David C. Lindberg

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David C. Lindberg (born November 15, 1935) is an American historian of science. His main focus is in the history of medieval and early modern science, especially physical science and the relationship between religion and science. Lindberg is the author or editor of many books and received numerous grants and awards. He also served as President of the History of Science Society and, in 1999, was recipient of its highest prize for lifetime scholarly achievement: the Sarton medal.[1]

Biography[edit]

He is the Hilldale Professor Emeritus of History of Science and Past Director of the Institute for Research in the Humanities, at the University of Wisconsin–Madison. Lindberg holds a degree in physics from Northwestern University and a Ph.D. in history and philosophy of science from Indiana University. Professor Lindberg is the author or editor of more than a dozen books, having received numerous grants and awards from prestigious organizations, including the John Simon Guggenheim Foundation, National Science Foundation, the National Endowment for the Humanities, the Institute for Advanced Study (Princeton), History of Science Society, the Medieval Academy of America, and the University of Wisconsin–Madison. He has served as President of the History of Science Society and has been recipient of its highest prize for lifetime scholarly achievement: the Sarton medal.[1] With Ronald Numbers, he has co-edited two anthologies on the relationship between religion and science. Also with Numbers, Lindberg is currently editing the 8-volume Cambridge History of Science.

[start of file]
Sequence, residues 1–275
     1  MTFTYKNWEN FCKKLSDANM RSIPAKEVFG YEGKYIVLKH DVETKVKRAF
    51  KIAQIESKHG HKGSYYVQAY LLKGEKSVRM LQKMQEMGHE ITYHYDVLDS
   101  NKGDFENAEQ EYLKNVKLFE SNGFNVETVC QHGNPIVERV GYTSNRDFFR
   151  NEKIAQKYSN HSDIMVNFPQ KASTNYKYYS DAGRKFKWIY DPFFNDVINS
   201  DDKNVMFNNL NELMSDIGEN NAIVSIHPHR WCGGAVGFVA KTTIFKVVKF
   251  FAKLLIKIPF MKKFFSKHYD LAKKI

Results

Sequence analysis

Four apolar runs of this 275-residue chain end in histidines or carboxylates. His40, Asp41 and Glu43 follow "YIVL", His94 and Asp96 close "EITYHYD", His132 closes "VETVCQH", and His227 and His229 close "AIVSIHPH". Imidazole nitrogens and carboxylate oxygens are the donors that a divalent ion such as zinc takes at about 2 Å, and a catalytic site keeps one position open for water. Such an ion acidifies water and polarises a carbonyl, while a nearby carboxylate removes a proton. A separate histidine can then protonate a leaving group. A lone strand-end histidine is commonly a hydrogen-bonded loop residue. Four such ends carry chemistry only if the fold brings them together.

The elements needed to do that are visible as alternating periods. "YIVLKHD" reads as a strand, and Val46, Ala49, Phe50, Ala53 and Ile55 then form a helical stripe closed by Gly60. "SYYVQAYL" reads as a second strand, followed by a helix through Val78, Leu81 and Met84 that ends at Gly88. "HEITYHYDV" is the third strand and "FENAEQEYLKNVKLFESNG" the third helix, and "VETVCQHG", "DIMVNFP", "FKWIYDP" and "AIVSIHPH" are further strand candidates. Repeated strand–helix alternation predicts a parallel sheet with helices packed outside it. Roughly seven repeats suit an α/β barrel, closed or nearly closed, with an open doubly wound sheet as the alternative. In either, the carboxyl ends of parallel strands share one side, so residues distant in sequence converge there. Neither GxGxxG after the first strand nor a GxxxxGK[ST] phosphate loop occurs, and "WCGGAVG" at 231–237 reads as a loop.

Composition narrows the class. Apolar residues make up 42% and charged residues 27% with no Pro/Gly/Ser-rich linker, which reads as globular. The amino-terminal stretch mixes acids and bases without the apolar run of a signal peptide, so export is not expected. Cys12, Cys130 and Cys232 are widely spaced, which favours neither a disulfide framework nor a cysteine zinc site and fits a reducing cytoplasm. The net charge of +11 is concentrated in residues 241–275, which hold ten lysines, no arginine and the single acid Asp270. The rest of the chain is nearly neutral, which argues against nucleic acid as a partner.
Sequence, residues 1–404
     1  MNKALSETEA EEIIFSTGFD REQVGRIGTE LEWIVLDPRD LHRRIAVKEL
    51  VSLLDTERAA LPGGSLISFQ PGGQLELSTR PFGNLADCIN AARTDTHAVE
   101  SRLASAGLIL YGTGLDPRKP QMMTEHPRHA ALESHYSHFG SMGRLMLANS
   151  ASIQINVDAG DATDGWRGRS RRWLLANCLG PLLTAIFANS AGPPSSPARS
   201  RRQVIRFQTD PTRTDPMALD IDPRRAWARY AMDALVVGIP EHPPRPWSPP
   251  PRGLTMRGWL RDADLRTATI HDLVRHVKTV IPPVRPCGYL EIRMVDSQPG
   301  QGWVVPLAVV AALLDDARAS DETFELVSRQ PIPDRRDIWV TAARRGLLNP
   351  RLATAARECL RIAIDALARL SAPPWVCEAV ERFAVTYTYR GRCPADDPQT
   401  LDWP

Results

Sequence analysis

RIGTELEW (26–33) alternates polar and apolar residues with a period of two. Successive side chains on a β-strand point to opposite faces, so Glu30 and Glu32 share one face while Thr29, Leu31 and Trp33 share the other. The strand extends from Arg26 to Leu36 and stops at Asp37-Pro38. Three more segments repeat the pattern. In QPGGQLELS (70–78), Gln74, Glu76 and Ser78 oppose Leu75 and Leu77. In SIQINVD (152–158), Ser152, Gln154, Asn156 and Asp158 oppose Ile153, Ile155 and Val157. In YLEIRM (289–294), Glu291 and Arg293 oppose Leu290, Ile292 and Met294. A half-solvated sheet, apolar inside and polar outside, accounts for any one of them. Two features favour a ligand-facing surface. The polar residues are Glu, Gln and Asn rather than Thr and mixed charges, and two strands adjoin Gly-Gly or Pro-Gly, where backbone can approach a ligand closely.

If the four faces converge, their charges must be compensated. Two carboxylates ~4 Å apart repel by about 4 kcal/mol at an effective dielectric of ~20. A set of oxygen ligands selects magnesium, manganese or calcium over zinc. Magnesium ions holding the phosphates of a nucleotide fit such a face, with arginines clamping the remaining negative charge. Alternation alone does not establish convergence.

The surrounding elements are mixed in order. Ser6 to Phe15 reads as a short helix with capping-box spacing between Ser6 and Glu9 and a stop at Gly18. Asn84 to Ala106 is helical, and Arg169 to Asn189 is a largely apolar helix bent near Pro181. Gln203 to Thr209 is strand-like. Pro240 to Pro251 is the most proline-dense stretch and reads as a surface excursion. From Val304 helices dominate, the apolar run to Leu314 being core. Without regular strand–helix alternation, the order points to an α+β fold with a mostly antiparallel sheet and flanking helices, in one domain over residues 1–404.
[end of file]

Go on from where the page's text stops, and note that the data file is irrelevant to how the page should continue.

Selected publications[edit]

Notes[edit]

  1. ^ a b ACMRS Distinguished Lecture - Lindberg

External links[edit]